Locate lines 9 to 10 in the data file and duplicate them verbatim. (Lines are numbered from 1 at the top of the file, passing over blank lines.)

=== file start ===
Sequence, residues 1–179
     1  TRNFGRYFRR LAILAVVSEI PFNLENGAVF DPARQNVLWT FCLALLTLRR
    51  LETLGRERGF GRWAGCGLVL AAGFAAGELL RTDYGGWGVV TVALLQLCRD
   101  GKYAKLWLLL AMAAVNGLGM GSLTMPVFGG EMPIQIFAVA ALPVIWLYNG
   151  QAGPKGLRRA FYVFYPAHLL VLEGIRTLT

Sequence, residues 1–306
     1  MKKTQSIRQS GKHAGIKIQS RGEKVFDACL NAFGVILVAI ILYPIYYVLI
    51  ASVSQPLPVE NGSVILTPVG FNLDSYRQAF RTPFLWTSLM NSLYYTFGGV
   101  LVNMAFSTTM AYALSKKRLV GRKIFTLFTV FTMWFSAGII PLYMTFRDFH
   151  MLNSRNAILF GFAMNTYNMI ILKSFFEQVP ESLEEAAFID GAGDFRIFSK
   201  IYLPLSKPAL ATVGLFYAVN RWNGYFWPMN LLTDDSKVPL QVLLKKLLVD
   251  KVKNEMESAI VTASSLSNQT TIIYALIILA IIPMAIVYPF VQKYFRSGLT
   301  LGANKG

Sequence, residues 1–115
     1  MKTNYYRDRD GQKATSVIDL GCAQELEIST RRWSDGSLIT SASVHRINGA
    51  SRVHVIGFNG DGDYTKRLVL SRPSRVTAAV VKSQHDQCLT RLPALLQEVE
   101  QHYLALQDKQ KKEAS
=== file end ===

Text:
   101  LVNMAFSTTM AYALSKKRLV GRKIFTLFTV FTMWFSAGII PLYMTFRDFH
   151  MLNSRNAILF GFAMNTYNMI ILKSFFEQVP ESLEEAAFID GAGDFRIFSK